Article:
Etymology
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father (n.)
Origin and meaning of father

Old English fæder "he who begets a child, nearest male ancestor;" also "any lineal male ancestor; the Supreme Being," and by late Old English, "one who exercises parental care over another," from Proto-Germanic *fader (source also of Old Saxon fadar, Old Frisian feder, Dutch vader, Old Norse faðir, Old High German fatar, German vater; in Gothic usually expressed by atta), from PIE *pəter- "father" (source also of Sanskrit pitar-, Greek pater, Latin pater, Old Persian pita, Old Irish athir "father"), presumably from baby-speak sound "pa." The ending formerly was regarded as an agent-noun affix.

My heart leaps up when I behold
  A rainbow in the sky:
So was it when my life began;
So is it now I am a man;
So be it when I shall grow old,
  Or let me die!
The Child is father of the Man;
I could wish my days to be
Bound each to each by natural piety.
[Wordsworth, 1802]

The classic example of Grimm's Law, where PIE "p-" becomes Germanic "f-." Spelling with -th- (15c.) reflects widespread phonetic shift in Middle English that turned -der to -ther in many words, perhaps reinforced in this case by Old Norse forms; spelling caught up to pronunciation in 1500s (compare mother (n.), weather (n.), hither, gather). As a title of various Church dignitaries from c. 1300; meaning "creator, inventor, author" is from mid-14c.; that of "anything that gives rise to something else" is from late 14c. As a respectful title for an older man, recorded from 1550s. Father-figure is from 1954. Fathers "leading men, elders" is from 1580s.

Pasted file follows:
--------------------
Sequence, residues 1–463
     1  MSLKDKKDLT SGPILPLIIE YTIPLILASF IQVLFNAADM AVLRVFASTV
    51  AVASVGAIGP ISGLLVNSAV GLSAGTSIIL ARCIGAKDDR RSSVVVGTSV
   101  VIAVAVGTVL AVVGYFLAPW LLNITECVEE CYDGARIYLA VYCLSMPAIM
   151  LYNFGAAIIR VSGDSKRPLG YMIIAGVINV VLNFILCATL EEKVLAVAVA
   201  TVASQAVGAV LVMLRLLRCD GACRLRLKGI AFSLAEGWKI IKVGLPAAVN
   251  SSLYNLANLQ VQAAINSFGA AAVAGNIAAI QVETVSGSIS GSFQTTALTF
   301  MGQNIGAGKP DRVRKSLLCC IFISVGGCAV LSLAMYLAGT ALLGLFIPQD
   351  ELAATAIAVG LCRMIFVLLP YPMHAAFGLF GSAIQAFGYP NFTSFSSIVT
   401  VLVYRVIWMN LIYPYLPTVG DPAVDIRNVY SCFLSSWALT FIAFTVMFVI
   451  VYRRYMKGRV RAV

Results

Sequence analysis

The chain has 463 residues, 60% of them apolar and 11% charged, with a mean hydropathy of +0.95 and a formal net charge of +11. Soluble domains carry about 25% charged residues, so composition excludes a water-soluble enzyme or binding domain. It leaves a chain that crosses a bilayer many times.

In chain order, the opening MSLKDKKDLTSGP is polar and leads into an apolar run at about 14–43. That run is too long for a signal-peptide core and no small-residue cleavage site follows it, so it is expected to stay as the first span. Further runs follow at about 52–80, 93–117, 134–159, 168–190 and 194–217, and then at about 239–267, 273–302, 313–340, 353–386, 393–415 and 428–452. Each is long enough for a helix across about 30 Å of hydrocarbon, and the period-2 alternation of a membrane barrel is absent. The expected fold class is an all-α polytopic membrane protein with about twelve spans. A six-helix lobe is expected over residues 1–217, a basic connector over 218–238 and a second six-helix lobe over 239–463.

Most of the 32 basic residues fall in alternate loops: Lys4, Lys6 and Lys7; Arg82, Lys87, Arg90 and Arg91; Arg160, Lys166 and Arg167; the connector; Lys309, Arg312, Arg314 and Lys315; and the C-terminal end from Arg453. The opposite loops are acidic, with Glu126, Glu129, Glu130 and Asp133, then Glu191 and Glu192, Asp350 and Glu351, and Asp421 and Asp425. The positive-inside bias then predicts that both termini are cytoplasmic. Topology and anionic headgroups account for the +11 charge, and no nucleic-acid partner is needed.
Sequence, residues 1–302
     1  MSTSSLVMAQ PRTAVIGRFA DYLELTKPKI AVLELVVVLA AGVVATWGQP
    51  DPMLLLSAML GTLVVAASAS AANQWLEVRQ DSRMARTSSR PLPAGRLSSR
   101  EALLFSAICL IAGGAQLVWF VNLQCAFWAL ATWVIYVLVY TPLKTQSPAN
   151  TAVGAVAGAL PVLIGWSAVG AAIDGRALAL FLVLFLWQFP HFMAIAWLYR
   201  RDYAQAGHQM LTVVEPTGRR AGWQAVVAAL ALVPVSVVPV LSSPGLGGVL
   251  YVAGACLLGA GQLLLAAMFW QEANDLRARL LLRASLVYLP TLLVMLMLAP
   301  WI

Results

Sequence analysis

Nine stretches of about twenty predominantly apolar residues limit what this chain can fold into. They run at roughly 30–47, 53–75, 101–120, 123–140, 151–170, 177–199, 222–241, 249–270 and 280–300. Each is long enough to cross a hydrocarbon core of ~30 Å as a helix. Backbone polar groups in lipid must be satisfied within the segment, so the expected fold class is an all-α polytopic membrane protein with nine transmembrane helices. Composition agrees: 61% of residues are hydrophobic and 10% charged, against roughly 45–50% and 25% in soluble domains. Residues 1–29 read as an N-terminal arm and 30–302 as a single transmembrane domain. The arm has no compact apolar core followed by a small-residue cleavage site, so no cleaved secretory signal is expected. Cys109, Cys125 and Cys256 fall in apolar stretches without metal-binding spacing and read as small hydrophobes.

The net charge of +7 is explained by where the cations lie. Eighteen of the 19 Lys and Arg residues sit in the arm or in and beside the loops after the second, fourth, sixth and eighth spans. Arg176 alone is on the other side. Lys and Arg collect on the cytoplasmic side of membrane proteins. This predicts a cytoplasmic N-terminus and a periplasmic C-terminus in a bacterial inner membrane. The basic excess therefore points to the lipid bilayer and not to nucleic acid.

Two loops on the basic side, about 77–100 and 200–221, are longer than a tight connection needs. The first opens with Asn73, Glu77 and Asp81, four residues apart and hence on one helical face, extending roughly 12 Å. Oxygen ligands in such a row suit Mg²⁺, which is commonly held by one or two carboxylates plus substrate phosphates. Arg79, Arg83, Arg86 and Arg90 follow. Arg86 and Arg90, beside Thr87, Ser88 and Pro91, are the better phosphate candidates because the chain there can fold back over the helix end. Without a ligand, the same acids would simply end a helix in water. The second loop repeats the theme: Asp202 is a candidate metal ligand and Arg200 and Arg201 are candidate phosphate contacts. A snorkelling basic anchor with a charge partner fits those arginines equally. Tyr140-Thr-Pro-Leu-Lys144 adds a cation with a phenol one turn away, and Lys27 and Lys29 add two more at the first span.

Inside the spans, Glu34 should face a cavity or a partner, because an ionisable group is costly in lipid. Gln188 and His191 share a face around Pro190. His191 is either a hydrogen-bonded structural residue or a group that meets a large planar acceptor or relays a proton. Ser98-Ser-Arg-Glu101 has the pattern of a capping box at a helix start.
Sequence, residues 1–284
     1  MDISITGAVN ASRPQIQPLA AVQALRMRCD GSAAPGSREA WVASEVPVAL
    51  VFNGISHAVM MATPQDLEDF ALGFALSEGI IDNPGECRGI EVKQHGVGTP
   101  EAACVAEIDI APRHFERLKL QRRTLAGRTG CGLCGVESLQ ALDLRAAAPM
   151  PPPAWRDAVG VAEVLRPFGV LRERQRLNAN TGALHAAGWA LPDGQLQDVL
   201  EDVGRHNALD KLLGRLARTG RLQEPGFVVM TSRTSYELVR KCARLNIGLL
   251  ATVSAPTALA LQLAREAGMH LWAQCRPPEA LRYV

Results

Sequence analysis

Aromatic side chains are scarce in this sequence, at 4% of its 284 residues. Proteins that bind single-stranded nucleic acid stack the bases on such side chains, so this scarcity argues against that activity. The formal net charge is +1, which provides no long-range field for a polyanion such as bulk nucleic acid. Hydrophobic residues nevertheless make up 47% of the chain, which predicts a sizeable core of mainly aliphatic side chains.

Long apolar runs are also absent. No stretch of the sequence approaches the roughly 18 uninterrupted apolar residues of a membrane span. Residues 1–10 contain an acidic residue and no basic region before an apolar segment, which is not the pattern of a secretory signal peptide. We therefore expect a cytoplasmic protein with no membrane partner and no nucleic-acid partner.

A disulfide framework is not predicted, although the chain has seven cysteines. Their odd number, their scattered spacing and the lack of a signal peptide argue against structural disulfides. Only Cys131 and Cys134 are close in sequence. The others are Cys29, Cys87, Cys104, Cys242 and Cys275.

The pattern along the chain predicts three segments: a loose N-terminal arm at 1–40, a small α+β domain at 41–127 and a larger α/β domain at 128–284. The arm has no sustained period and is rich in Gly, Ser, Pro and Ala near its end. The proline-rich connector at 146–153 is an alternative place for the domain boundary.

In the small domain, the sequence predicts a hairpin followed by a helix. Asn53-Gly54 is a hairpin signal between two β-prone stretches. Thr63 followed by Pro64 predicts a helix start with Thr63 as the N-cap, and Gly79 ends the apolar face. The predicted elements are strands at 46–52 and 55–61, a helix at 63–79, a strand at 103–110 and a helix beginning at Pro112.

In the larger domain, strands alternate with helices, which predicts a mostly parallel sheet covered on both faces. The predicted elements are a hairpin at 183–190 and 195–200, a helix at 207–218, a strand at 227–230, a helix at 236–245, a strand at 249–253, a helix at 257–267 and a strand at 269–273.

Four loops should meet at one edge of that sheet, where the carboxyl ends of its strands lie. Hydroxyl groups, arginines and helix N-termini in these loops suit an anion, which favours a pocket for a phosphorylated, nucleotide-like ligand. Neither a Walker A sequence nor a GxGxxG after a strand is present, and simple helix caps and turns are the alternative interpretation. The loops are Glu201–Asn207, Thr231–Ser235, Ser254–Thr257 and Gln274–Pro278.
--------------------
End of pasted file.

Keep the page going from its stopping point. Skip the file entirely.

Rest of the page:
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father (v.)
Origin and meaning of father
c. 1400, from father (n.). Related: Fathered; fathering.
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fatherhood (n.)
early 14c., faderhade; see father (n.) + -hood.
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stepfather (n.)
also step-father, Old English steopfæder; see step- + father.
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vaterland (n.)
1852, from German Vaterland, from Vater (see father (n.)) + Land (see land (n.)).
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fatherless (adj.)
Old English fæderleas; see father (n.) + -less. Similar formation in Dutch vaderloos, German vaterlos, Danish faderlös.
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fatherly (adj.)
Old English fæderlic "fatherly, paternal; ancestral;" see father (n.) + -ly (1). Similar formation in Dutch vaderlijk, German väterlich. Related: Fatherliness.
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patri- 

word-forming element used in terms describing kinship of the father or the paternal line, from Latin patri-, combining form of pater (see father (n.)).

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sympatric (adj.)
1904, from assimilated form of syn- + Greek patra "fatherland," from pater "father" (see father (n.)) + -ic. Opposite of allopatric.
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